I would add: #1! – Roget’s International Thesaurus(I have the 6th edition but there may be newer ones). If you are ever stuck for words, this is a wonderful book! A must for any writer’s bookshelf. Then The Writer’s Journey(3rd edition) by Christopher Vogler, Story Genius by Lisa Cron and Story Physics by Larry Brooks. On the grammar and punctuation side, (and yes, writers need to learn basic grammar and punctuation) is Eats, Shoots and Leaves by Lynne Truss (so funny for a non-fiction book on this subject matter), and Woe is IPatricia O’Conner (very practical and easy to use and understand!) And if you want a bit more: Dreyer’s English by Benjamin Dreyer (which hits on things that aren’t covered in the other two, if you can believe it).
Here is K.M’s list:
Looking for Christmas gifts? Here are what I currently consider the 10 best books to buy a writer for Christmas.
If you’re looking to traditionally publish your novel, keeping the word count down to about 80 – 85K is important. It’s mostly a matter of publishing costs – bigger books cost more to produce.
I have a large book: A Burnished Rose – Book I and book II (don’t remember the total work count but it’s over 400 pages) that I split online because it was too costly to print as one book.
that I split up for selling online because of the printing cost. When I sell it in person, I have a brick and mortar printer print Book I and II together because it is cost-effective for me, but not for online print sales.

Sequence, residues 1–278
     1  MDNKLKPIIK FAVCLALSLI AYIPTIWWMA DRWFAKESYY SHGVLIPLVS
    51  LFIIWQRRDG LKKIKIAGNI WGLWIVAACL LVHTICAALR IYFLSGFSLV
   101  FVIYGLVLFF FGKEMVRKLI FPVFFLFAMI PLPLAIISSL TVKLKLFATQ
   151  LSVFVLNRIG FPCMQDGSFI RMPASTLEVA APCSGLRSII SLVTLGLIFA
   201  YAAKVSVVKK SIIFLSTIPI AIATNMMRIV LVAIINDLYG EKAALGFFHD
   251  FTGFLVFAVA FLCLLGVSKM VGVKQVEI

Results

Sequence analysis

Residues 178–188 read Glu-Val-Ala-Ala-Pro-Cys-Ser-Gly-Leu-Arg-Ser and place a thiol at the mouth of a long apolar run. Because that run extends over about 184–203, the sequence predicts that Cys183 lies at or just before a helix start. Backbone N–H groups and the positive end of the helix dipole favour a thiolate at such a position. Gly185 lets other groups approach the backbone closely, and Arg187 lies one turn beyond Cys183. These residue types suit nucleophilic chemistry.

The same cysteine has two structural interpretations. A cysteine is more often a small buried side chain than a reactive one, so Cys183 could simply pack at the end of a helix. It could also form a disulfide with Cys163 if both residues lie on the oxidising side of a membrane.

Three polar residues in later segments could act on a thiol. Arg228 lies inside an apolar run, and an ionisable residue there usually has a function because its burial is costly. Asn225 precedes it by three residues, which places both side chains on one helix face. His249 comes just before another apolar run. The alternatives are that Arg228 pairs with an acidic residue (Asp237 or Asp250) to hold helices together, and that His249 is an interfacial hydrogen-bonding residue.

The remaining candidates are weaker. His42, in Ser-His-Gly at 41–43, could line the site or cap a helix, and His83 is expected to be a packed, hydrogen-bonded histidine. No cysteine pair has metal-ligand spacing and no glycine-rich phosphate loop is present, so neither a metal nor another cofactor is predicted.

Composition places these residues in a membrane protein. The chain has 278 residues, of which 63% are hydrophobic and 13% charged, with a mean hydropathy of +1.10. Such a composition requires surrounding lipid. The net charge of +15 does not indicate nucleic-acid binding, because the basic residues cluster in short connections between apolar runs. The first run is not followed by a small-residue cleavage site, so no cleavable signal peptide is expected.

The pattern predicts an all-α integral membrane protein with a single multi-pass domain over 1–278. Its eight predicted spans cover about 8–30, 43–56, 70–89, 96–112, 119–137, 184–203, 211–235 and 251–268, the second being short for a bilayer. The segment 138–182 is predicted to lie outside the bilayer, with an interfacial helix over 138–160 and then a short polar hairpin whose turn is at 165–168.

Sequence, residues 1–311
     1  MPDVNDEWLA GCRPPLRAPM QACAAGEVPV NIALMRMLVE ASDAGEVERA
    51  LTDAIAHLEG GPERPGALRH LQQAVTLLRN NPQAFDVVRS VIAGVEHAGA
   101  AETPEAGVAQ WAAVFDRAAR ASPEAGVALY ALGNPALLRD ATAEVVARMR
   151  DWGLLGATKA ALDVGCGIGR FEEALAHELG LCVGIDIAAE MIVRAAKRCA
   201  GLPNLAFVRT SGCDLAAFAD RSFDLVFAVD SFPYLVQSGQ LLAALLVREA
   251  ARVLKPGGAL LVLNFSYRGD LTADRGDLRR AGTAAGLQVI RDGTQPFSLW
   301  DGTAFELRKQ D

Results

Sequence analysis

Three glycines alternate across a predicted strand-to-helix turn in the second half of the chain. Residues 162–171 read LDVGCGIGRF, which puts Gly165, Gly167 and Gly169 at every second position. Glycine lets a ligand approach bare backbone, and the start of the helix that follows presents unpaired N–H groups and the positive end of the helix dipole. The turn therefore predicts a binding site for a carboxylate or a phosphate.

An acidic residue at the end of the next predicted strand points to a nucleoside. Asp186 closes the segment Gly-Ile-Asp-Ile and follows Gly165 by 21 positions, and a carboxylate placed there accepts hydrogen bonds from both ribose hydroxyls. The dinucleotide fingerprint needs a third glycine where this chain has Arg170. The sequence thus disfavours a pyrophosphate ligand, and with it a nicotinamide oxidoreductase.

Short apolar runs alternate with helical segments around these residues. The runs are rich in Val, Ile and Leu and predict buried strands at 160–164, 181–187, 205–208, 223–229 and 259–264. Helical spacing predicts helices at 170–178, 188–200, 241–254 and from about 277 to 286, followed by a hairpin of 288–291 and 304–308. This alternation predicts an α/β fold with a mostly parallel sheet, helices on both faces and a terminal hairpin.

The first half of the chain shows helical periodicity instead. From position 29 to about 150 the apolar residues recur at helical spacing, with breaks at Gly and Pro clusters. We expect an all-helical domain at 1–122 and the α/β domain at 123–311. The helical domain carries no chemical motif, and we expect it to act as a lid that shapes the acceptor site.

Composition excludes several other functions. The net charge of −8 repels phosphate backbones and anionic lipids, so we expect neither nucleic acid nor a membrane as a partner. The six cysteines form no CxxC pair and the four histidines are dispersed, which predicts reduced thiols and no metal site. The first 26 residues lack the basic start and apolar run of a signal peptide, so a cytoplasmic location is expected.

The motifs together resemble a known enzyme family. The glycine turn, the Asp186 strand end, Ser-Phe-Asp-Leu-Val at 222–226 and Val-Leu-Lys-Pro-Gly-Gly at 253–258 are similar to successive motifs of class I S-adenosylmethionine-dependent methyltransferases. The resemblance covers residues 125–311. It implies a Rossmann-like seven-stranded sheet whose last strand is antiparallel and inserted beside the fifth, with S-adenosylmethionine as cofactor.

If you are a plotter (a writer that likes to work on your plot usually via an outline before you start writing), or a plotter once the whole thing is written (using the exercise to make your story as strong as it can be), then this post, along with the others that K.M. Wieland has written (or will write) will be very helpful.
I liked I liked her line: The First Plot Point may take the protagonist to a new place, but the Third Plot Point makes him into a new person.
K.M also has a great archive of movie and some book plot points that can help you when you’re struggling with your own manuscript.
Deepen your understanding of story structure by examining the parallel functions of the First Plot Point and the Third Plot Point.
This is something that I see debated often and probably will continue to be a topic of discussion; I think because there isn’t any one right answer. Odd characters are fun to write so writers like to create them. And odd character often speak in odd ways. Or if you’re trying to portray a certain group or character by their/the character’s speech pattern, trying to make them stand out, dialogue is one way to do that.
But as K.M. Weiland notes in the post below, if you use slang, or even odd speech ticks, I agree, that a little goes a long way. Part of the reason for this is you don’t want the reader to stop and have to really look at a word(s) to try and interpret what you’re trying to say. Text should flow easily through the readers mind. An odd word here and there probably isn’t an issue, but if you make the reader stop too often, they may decide they need to unload the dishwasher instead of continuing to read your book!
Authors need to get the nuances of slang in dialogue right, because smart readers will always recognize phony speech patterns.